This story is part of a Patch series examining the Muslim experience 10 years after the Sept. 11 attacks. Read other stories in the series here.
The students attend a Friday afternoon prayer service followed by a question and answer session with representatives from the center, oftentimes the imam for the day or the center’s president, Ghulam Farooqie.
Islam is one of many religions covered in the high school class, which has been developed and taught by department head Terrance Jozwik for almost 30 years. He said bringing his students to churches, synagogues and mosques gives his students another way to understand their studies.
“I like to bring my students into contact with people who actually believe the religions that we’re studying because it makes it real beyond the textbook,” Jozwik said.
Earlier: Muslims discuss unshaken faith.
Jozwik said since 9/11 he has devoted more time to the Islam unit in order to combat the Islamophobia he says he's noticed since the terrorist attack 10 years ago.
“I certainly deal with the issue of, 'Who were these guys that believed their faith required them to fly planes into buildings?'” Jozwik said. “And, 'Where does Islamic fundamentalism come from?' That I didn’t touch prior to 9/11.”
Jozwik said he discusses with students the religious and political basis from which those terrorist activities derived. He said another thing that is different today, 10 years later, is there is a greater interest in Islam.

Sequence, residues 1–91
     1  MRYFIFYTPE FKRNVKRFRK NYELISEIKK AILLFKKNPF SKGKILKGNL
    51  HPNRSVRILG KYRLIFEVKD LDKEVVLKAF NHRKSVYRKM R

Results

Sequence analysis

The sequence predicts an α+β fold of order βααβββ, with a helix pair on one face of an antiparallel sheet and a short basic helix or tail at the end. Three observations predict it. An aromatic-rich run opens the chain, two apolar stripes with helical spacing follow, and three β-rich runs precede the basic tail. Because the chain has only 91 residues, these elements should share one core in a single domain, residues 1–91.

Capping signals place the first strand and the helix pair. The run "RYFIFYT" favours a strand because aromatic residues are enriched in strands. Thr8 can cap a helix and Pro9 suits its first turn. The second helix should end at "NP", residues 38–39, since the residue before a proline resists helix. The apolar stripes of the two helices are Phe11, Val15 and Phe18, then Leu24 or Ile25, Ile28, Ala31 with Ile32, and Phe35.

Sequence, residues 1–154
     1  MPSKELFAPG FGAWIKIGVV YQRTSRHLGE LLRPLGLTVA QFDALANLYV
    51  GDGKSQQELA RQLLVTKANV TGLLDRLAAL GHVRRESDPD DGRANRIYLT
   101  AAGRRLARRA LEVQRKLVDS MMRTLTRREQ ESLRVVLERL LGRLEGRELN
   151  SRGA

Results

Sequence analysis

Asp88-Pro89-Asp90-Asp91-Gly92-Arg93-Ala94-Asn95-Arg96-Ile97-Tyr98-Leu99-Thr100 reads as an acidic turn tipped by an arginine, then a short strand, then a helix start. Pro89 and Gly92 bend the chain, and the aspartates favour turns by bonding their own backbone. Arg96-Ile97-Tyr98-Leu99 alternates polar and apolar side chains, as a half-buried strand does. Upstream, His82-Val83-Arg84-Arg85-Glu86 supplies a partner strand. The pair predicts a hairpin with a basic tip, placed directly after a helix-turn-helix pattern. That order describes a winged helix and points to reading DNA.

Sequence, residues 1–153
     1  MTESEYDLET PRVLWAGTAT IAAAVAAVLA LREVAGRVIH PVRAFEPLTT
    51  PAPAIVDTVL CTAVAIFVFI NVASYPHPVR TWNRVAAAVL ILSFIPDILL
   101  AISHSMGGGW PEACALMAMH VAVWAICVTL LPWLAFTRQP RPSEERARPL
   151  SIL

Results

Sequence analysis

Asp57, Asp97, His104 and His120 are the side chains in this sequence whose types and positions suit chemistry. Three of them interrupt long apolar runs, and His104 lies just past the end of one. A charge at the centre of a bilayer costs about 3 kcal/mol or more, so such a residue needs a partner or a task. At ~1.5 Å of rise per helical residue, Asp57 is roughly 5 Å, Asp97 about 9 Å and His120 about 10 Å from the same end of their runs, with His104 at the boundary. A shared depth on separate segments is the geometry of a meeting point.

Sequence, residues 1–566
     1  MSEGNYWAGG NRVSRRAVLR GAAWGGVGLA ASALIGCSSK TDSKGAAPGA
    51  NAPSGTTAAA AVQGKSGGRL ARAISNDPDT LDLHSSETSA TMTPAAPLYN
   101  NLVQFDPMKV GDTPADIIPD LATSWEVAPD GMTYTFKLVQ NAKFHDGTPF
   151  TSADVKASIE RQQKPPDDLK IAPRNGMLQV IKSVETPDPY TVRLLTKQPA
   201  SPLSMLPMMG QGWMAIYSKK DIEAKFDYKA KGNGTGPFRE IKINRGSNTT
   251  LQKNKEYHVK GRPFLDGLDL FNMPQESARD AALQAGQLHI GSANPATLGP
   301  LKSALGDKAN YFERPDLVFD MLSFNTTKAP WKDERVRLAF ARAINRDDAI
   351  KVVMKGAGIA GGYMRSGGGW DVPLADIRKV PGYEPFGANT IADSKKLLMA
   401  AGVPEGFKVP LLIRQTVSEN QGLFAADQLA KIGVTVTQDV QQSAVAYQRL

“I think there’s a greater interest in learning more about the peoples and cultures of the world, so that we’re not surprised by events when they happen,” Jozwik said. “[In regards to Islam, 9/11] sparked a greater interest in knowing people that we didn’t know in the past.”
Farooqie said the class's visits to the mosque are a very positive thing. People are not afraid of each other if they can meet each other, and break down that barrier.
“People follow the news and they think this is what Islam is, and that is not reality,” Farooqie said.
Jozwik said he teaches his students to come to appreciate the richness and diversity of religions, to know what makes them similar and what makes them different.
“If we don’t have knowledge of that which we fear, if we don’t have people we know and can relate to, then we’re just subjected to what the media portrays them as being,” Jozwik said.
Jozwik said his class is always warmly welcomed at the mosque, and the experience gives his students an important opportunity to appreciate and learn about Islam.
“If we actually have a memory from a field trip of this Muslim speaker who answered their questions well and in an articulate way, and made us laugh and enjoy the learning, then that’s the image of Islam we have in our minds,” Jozwik said.
Farooqie said he hopes the students have a good, positive experience visiting the Islam Community Center of Des Plaines, and become more tolerant of Islam.
Jozwik said he emphasizes how the great majority of Muslims in the world are very much against what the people who flew those planes into buildings did.
“I want students to understand that that’s not the norm in Muslim communities; that’s an exception,” Jozwik said.
Jozwik’s class will visit the mosque next in December.